Up to the middle of the twentieth century, students of Ancient History had always been taught that the Greeks were actually ‘Aryan’ invaders from the north who had settled in the Greek mainland around about the ninth to the eighth century BC.
Although Heinrich Schliemann had excavated the remains of the Mycenaean civilisation in the last two decades of the nineteenth century, it was widely believed that the Mycenaeans were not Greeks. This was because there were obvious links between the Mycenaean and earlier Minoan civilisations and the great middle-eastern civilisations of Egypt and Mesopotamia. In the intellectual atmosphere of the late nineteenth and early twentieth centuries, it was difficult to believe that Classical Greek civilisation had actually learned anything from ‘Oriental’ cultures.
Then, in 1952, a British architect, Michael Ventris, demonstrated that the Mycenaean language was actually an early form of Greek.
This discovery meant that the earlier understanding about the origins of the Greeks had to be re-evaluated to a large extent.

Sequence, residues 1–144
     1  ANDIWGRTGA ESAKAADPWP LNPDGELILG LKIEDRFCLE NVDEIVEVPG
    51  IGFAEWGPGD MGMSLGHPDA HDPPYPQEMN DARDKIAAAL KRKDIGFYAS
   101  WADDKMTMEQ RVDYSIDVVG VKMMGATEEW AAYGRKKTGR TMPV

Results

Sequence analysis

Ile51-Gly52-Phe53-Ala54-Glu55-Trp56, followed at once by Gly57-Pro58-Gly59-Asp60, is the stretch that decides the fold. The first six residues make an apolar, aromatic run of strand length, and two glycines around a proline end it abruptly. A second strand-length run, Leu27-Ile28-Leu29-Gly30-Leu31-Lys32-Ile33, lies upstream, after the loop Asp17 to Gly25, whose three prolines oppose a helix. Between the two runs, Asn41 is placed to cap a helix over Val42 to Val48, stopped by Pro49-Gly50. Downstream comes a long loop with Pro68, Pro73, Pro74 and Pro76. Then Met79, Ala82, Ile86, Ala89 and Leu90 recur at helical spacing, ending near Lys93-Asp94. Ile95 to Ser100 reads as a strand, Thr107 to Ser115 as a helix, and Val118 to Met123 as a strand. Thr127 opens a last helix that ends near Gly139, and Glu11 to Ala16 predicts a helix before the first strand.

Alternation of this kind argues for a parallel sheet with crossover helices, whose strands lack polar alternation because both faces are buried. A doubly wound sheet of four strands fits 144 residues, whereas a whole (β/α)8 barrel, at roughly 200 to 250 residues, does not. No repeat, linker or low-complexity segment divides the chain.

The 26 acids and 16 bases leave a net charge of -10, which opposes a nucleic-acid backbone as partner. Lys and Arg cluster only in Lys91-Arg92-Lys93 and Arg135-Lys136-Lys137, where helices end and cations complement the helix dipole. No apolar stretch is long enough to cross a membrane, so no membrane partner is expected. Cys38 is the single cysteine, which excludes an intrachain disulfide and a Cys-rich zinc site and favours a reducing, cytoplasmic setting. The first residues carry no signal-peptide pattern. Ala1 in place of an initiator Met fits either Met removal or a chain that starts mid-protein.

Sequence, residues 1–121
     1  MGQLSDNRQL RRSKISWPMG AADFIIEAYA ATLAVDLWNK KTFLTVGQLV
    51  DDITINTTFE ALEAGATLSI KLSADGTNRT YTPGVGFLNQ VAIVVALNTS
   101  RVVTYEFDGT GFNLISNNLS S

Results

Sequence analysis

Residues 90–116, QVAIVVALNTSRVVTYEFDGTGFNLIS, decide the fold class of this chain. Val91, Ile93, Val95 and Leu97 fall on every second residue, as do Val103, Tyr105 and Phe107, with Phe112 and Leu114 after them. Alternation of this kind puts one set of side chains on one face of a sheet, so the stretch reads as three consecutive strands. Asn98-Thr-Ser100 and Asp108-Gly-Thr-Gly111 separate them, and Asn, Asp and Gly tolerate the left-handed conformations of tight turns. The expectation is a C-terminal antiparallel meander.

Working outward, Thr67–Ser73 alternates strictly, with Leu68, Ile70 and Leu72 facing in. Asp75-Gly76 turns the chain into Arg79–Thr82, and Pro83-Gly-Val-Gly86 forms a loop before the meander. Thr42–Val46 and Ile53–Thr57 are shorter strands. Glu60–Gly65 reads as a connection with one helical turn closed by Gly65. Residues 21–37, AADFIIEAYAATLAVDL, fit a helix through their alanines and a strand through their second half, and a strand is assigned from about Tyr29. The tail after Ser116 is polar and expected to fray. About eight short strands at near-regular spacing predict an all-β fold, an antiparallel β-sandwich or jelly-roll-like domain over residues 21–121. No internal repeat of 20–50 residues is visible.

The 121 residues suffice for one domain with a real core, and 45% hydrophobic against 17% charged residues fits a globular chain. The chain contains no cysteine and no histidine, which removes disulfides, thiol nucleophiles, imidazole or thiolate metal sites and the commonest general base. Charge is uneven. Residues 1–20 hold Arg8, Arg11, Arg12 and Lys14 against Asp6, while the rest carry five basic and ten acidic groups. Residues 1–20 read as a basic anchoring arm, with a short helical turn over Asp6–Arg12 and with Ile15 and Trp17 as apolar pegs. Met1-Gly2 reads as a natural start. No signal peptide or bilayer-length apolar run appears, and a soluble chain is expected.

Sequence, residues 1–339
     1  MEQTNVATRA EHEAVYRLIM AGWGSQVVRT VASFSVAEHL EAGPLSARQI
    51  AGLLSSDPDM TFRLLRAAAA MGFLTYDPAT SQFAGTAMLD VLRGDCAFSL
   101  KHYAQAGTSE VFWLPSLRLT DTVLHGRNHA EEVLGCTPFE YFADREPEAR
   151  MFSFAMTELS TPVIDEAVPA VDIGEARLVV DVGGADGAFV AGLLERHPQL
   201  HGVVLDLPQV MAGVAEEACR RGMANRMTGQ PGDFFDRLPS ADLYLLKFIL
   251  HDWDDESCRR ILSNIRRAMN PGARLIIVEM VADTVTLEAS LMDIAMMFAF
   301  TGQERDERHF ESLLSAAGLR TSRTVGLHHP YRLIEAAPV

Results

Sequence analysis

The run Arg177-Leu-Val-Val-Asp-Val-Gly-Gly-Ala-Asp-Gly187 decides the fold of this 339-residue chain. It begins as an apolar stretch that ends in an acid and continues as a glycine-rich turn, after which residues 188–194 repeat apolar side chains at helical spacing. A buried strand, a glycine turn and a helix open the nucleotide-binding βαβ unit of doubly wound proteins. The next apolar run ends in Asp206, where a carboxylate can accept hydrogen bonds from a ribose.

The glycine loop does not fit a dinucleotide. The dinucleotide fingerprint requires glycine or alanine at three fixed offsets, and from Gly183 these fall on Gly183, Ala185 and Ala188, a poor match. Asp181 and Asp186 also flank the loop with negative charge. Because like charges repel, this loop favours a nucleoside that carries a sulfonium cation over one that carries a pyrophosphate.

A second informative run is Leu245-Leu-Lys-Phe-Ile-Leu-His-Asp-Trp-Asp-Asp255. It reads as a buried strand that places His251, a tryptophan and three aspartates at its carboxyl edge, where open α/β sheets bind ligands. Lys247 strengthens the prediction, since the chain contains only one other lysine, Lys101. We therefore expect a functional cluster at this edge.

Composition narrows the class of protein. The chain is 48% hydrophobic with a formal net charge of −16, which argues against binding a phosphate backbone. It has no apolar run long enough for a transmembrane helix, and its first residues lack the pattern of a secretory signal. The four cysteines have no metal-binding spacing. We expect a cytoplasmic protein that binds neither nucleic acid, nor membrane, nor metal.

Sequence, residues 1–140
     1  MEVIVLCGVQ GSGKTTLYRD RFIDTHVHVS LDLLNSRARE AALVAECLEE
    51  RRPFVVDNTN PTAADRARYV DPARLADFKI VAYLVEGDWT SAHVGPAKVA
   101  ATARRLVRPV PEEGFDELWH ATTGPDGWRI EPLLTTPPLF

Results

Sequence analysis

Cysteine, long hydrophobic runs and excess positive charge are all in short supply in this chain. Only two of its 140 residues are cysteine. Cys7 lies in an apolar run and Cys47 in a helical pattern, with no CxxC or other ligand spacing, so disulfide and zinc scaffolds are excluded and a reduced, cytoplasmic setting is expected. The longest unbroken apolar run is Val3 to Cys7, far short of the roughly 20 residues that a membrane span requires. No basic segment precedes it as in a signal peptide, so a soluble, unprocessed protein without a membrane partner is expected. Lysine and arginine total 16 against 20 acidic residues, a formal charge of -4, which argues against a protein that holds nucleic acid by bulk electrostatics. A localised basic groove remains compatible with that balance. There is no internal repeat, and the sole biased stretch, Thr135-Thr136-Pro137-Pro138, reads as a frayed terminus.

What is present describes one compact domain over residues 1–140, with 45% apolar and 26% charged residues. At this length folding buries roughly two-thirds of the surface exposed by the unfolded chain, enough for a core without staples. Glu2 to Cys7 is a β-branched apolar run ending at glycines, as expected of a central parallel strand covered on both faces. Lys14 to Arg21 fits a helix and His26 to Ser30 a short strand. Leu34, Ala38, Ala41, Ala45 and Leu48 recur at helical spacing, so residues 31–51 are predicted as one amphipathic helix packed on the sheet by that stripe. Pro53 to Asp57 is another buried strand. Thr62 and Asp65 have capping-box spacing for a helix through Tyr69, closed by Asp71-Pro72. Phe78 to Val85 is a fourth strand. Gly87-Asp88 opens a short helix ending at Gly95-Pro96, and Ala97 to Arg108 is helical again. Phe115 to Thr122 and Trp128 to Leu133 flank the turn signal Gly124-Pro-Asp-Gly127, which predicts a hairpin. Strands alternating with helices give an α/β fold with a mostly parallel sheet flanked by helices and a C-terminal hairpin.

Archeological evidence shows that Athens had actually been occupied even in Mycenaean times, and most scholars accept that the Classical Athens of the fifth century BC is actually the lineal descendent of the Mycenaean Settlement.
It is generally accepted now that Classical Greece did evolve from the earlier Mycenaean civilisation. However, scholars still dispute the extent of Egyptian and Levantine influences on the formative period of Greek civilisation.
Many Classicists continue to cling to the belief that Classical Greek civilisation developed in relative isolation from the Ancient Near East.
But there is increasing archaeological evidence available for intense contact among the early civilisations in the Eastern Mediterranean region – Egypt, Greece and Anatolia and the Levant from as early as the third millennium BC.
During the Late Bronze Age (around 1550-1100 BC) there is good evidence for intense and sustained contact around the Eastern Mediterranean area.